ELFI: Engine for Likelihood-Free Inference facilitates more effective simulation
The Engine for Likelihood-Free Inference is open to everyone, and it can help significantly reduce the number of simulator runs.
Sandia forms Spray Combustion Consortium to improve engine design
Sandia National Laboratories has formed an industry-funded Spray Combustion Consortium to better understand fuel injection by developing modeling tools.
Researchers find brain's 'physics engine'
Whether or not they aced the subject in high school, human beings are physics masters when it comes to understanding and predicting how objects in the world will behave.
Ship engine emissions adversely affect macrophages
Ship emissions adversely affect the health of inhabitants of coastal regions.
Think a gasoline-direct injection engine is the green choice? Maybe not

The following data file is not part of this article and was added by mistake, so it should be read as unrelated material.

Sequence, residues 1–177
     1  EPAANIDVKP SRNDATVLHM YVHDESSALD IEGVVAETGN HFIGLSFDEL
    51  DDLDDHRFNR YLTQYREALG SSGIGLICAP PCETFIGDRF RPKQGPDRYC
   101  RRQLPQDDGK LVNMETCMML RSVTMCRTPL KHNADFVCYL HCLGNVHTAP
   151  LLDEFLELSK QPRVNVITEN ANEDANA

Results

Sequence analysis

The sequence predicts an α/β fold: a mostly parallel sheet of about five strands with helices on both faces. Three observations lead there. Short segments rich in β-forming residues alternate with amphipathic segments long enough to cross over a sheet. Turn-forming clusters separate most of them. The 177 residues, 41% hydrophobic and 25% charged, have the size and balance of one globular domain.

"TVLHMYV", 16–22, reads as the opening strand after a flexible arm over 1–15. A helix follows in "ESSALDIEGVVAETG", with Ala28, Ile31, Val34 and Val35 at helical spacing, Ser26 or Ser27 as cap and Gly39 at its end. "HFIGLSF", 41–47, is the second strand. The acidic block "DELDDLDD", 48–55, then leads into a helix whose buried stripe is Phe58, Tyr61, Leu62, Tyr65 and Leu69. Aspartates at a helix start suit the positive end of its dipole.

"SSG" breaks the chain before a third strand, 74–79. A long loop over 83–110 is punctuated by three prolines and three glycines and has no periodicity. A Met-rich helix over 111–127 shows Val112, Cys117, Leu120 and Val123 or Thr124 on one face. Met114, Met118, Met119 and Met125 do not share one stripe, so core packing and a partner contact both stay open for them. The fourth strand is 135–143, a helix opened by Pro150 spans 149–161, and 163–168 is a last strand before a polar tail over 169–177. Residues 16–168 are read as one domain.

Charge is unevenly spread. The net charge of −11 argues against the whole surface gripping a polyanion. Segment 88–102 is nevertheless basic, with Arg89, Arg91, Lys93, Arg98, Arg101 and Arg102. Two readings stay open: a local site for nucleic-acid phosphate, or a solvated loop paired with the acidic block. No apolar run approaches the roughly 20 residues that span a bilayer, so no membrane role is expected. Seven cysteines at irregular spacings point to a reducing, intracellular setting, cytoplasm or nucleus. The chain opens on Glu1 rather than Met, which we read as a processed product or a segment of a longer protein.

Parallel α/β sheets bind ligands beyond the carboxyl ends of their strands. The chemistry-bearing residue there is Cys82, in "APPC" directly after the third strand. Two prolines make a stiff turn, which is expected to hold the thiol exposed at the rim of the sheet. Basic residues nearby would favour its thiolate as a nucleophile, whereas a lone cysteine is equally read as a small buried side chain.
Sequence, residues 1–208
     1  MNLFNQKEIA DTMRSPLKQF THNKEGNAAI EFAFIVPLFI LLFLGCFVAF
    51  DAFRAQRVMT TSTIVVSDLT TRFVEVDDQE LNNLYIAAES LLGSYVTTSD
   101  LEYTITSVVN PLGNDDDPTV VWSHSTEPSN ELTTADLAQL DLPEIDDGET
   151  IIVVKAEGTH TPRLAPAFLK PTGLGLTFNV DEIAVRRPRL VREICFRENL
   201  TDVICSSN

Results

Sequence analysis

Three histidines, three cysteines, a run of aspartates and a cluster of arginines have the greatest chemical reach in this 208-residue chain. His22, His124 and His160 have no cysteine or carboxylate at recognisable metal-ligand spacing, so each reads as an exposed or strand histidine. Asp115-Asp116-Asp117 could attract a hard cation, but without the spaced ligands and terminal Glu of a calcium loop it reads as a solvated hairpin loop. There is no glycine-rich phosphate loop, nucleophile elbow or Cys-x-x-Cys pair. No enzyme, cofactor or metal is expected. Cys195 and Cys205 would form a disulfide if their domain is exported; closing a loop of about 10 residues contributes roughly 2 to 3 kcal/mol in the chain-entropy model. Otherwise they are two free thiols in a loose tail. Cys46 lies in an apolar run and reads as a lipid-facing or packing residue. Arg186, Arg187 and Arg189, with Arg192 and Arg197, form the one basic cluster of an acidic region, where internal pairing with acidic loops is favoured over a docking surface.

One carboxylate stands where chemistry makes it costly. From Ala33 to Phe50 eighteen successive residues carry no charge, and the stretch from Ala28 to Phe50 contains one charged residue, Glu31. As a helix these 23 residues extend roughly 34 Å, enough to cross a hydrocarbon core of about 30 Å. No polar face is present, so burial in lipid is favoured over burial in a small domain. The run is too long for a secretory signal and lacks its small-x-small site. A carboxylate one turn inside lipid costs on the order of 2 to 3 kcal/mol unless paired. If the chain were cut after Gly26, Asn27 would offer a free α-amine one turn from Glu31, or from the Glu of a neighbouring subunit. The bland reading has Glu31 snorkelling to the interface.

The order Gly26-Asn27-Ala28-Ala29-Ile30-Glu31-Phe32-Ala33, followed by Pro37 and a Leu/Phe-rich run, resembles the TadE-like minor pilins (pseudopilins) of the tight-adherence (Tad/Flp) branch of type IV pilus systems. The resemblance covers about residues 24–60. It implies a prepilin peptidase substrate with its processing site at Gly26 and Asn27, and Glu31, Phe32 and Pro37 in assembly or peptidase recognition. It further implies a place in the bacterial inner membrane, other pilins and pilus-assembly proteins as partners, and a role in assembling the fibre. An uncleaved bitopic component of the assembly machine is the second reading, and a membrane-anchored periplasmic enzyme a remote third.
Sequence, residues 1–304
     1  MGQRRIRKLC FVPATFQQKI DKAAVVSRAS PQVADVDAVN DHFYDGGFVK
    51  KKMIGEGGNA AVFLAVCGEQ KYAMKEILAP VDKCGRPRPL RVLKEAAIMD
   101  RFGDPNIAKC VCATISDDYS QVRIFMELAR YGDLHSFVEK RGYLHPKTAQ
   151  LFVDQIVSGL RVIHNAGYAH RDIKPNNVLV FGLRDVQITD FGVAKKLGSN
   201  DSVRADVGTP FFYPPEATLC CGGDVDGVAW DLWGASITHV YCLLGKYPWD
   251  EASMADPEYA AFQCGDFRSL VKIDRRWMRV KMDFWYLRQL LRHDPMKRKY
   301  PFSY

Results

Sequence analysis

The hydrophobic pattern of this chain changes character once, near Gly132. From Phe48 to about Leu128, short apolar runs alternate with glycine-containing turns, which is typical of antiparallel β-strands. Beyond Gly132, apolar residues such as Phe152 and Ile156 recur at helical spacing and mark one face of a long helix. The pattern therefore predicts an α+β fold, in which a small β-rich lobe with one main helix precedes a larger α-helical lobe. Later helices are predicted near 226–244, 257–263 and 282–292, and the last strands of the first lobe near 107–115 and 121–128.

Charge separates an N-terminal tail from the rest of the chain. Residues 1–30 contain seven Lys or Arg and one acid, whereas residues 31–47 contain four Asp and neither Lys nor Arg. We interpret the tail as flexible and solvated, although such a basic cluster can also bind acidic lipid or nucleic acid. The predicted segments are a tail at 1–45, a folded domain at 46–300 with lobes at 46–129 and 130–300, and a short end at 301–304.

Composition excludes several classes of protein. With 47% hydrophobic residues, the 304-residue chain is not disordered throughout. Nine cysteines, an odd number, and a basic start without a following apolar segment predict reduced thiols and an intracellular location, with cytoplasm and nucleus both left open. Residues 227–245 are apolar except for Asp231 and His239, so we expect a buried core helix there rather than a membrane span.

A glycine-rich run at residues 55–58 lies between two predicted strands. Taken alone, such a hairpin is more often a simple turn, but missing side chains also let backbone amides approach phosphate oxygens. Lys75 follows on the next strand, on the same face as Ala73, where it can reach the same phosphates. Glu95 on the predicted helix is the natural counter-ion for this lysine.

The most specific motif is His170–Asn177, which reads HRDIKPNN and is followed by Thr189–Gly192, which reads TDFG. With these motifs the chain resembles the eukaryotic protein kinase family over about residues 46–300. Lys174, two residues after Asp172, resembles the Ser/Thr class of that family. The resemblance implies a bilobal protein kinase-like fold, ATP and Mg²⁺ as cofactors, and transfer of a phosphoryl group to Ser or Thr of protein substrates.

New research out of the University of Toronto's Faculty of Applied Science & Engineering shows that gasoline direct-injection engines aren't necessarily the greener choice.
Researchers harness DNA as the engine of super-efficient nanomachine
Researchers at McMaster University have established a way to harness DNA as the engine of a microscopic 'machine' they can turn on to detect trace amounts of substances that range from viruses and bacteria to cocaine and metals.
Award-winning academic research search engine metaBUS launches in June
A trailblazing online search engine that will save researchers years of time while conducting meta-analysis will be unveiled next week at the University of Calgary.

Related Search Engine Reading:

Information Retrieval: Implementing and Evaluating Search Engines (The MIT Press)
by Stefan Büttcher (Author), Charles L. A. Clarke (Author), Gordon V. Cormack (Author)

SEO 2019: Learn search engine optimization with smart internet marketing strategies
by Unknown

3 Months to No.1: The "No-Nonsense" SEO Playbook for Getting Your Website Found on Google